"Never!"

And then there was a stir in the outer office. Some one was asking for the Secretary of the Treasury. So John rose.

"I must get to work now, boys. We can talk it over to-night." And then, handing me the manuscript: "Take it home with you, if you like, and look it over at your leisure."

As Charlie Webster and I passed out into the street, I noticed the fellow of the sinister pock-marked visage standing near the window of the inner office. The window was open, and any one standing outside, could easily have heard everything that passed inside. As the fellow caught my eye, he smiled unpleasantly, and slunk off down the street.

"Who is that fellow?" I asked Charlie. "He's a queer looking specimen."

"Yes! he's no good. Yet he's more half-witted than bad, perhaps. His face is against him, poor devil."

And we went our ways, till the evening, I to post home to the further study of the narrative. There seated on the pleasant veranda, I went over it carefully, sentence by sentence. While I was reading, some one called me indoors. I put down the manuscript on the little bamboo table at my side, and went in. When I returned, a few moments afterward, the manuscript was gone!



CHAPTER III

In Which I Charter the "Maggie Darling."

As luck would have it, the loss, or rather the theft, of Henry P. Tobias's narrative, was not so serious as it at first seemed, for it fortunately chanced that John Saunders had had it copied; but the theft remained none the less mysterious. What could be the motive of the thief with whom—quite unreasonably and doubtless unjustly—my fancy persisted in connecting that unprepossessing face so keenly attentive in John Saunders's outer office, and again so plainly eavesdropping at his open window.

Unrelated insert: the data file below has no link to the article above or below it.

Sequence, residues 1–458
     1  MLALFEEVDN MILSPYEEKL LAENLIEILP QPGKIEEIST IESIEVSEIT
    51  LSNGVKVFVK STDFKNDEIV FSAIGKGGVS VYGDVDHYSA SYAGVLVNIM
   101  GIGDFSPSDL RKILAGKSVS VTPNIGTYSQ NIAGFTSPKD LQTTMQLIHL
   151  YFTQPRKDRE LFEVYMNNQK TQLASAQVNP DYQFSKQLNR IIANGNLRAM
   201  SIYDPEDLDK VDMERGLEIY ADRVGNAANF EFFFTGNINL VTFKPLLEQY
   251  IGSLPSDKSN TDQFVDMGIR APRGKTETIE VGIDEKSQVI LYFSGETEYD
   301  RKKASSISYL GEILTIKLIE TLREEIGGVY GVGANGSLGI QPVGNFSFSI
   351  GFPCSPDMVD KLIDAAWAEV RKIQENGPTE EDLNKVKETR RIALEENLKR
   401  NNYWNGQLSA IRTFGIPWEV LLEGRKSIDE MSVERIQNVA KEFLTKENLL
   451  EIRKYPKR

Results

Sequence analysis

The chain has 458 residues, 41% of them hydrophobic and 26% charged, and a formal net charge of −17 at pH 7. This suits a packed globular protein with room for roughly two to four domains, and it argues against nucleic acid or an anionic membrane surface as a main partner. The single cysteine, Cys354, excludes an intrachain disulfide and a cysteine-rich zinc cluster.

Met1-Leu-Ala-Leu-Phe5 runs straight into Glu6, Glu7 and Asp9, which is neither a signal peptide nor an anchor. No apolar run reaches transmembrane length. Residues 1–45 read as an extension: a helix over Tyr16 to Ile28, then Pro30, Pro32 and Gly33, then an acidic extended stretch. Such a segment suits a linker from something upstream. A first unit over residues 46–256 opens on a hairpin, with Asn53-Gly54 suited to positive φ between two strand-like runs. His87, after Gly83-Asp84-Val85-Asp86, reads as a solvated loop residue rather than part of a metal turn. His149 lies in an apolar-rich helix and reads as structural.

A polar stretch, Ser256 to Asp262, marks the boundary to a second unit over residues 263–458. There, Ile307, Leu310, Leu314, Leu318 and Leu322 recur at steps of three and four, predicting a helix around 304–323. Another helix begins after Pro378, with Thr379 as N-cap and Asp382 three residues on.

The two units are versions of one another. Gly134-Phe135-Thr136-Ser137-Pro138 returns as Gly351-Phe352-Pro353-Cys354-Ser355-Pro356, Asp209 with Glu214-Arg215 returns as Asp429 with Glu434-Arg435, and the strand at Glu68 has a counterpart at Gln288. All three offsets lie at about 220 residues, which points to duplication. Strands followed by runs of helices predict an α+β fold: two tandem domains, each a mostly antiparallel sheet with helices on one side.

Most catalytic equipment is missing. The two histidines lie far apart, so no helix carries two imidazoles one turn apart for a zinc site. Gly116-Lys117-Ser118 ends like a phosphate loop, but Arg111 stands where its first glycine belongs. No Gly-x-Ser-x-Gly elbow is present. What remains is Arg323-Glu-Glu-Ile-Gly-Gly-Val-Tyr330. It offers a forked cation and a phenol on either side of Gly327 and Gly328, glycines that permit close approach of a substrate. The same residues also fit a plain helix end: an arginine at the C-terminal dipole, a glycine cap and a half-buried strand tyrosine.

However, leaving that mystery for later solution, John Saunders, Charlie Webster, and I spent the next evening in a general and particular criticism of the narrative itself. There were several obvious objections to be made against its authenticity. To start with, Tobias, at the time of his deposition, was an old man—seventy-five years old—and it was more than probable that his experiences as a pirate would date from his early manhood; they were hardly likely to have taken place as late as his fortieth year. The narrative, indeed, suggested their taking place much earlier, and there would thus be a space of at least forty years between the burial of the treasure and his deathbed revelation. It was natural to ask: Why during all those years, did he not return and retrieve the treasure for himself? Various circumstances may have prevented him, the inability from lack of means to make the journey, or what not; but certainly one would need to imagine circumstances of peculiar power that should be strong enough to keep a man with so valuable a secret in his possession so many years from taking advantage of it.